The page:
ILF Scotland

Co-Production Event Discussion Summary - Edinburgh

Type of document: Re-Opening ILF
Co-Production Event Discussion Summary - Edinburgh - Front Cover

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Published: March 6, 2024

12 December 2023, Murrayfield

First Group Discussion

Minimum Qualifying Amount (Threshold Sum)

The Threshold Sum means the amount of money that a disabled person must get from their local council to get Independent Living Fund money too.

Discussion Reponses

  • Without a threshold sum (or minimum qualifying amount) all the money would go to the most disabled people and others with unmet needs would miss out. It’s the fairest way to try and make sure more people get some money from the fund.
  • The idea of a threshold sum is fair, but £600 too is high. The amount should be flexible and based on the person’s circumstances.
  • Threshold sum should remain at around £340 per week and people should also get their care package from Social Work. Not one or the other.
  • If there is a threshold to qualify for ILF, all Local Authorities should use the same criteria to make it fair for everyone.
  • Unpaid Carer contribution should be taken into account when deciding on the minimum qualifying amount, otherwise lots of people will miss out on funding from ILF Scotland.
  • Threshold sum should not be used to reduce support from Social Work.
  • Understanding the number of hours, or level of support a person needs is a better way to decide the threshold rather than a financial limit, because this is about the needs of a person.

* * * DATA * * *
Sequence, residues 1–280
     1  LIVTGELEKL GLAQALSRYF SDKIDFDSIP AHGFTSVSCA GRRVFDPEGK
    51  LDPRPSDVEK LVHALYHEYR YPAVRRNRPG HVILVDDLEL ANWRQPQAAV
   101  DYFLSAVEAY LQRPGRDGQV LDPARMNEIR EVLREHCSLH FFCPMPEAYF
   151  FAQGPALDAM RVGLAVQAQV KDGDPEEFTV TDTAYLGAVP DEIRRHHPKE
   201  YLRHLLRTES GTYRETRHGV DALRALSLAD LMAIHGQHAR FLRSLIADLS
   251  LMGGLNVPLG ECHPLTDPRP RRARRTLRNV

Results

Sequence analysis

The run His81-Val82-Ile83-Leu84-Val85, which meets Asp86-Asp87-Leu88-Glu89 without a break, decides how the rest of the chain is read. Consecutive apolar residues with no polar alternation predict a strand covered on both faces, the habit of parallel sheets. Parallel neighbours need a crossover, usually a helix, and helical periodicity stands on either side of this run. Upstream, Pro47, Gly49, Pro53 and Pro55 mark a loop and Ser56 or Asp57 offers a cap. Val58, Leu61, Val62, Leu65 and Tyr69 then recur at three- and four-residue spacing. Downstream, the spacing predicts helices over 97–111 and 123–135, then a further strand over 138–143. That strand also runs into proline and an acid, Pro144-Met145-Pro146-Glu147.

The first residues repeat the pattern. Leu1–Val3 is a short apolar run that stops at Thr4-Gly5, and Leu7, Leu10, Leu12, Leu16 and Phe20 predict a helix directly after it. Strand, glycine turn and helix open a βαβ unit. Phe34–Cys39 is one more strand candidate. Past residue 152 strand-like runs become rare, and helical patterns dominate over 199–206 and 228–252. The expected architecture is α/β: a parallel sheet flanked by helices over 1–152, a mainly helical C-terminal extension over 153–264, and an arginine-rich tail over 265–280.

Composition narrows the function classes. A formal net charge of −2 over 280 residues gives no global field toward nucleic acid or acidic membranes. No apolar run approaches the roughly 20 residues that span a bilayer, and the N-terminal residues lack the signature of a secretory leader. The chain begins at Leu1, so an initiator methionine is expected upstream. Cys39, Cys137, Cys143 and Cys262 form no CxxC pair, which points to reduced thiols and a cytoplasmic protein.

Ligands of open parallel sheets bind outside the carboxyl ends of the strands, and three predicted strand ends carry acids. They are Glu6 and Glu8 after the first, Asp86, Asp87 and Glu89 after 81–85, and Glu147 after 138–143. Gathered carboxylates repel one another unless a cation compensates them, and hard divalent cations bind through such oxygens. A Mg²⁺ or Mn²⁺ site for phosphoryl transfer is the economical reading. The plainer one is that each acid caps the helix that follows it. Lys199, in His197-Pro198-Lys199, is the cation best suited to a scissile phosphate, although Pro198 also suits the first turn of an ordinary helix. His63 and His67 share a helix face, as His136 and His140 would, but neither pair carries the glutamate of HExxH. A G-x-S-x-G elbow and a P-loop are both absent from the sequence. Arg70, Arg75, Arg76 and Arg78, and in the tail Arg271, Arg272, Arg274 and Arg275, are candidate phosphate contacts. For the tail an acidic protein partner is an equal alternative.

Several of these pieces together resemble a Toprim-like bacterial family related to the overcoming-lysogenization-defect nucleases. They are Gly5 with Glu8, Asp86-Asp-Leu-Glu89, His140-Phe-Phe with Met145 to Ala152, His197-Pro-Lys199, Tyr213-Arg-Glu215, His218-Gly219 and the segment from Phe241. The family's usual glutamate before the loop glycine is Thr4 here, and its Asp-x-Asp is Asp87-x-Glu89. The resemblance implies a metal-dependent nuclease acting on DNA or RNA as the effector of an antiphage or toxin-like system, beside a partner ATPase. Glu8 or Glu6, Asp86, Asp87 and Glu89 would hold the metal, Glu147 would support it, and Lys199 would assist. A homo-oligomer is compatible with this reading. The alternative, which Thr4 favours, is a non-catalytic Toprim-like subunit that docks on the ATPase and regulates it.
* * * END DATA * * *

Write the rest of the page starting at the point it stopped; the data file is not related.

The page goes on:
Maximum Award

The Maximum Award is the biggest amount of money the Independent Living Fund can give to someone each week.

Discussion Reponses

  • Rise in inflation and cost of living means people with complex needs need more money now than ever. £475 per week is not enough now because things cost more.
  • Maximum award could be means tested at around £500 and paid gradually.
  • There shouldn’t be a maximum sum, it should be based on what people need.
  • It would be better if the maximum award could increase at the same level of hourly rates for adult social care staff.
  • The maximum award should focus on the level of service required to support the individual, rather than a fixed figure.
  • How to manage the new award will be difficult due to the level of differences across Local Authorities in Scotland. It is a logistical challenge, and many Local Authority assessments are not person centred and do not represent the true needs of the person.


In this document, Age means how old you need to be to get money from the Independent Living Fund.

When the fund was open to applications you needed to be between 16 years old and 64 years old.

Discussion Reponses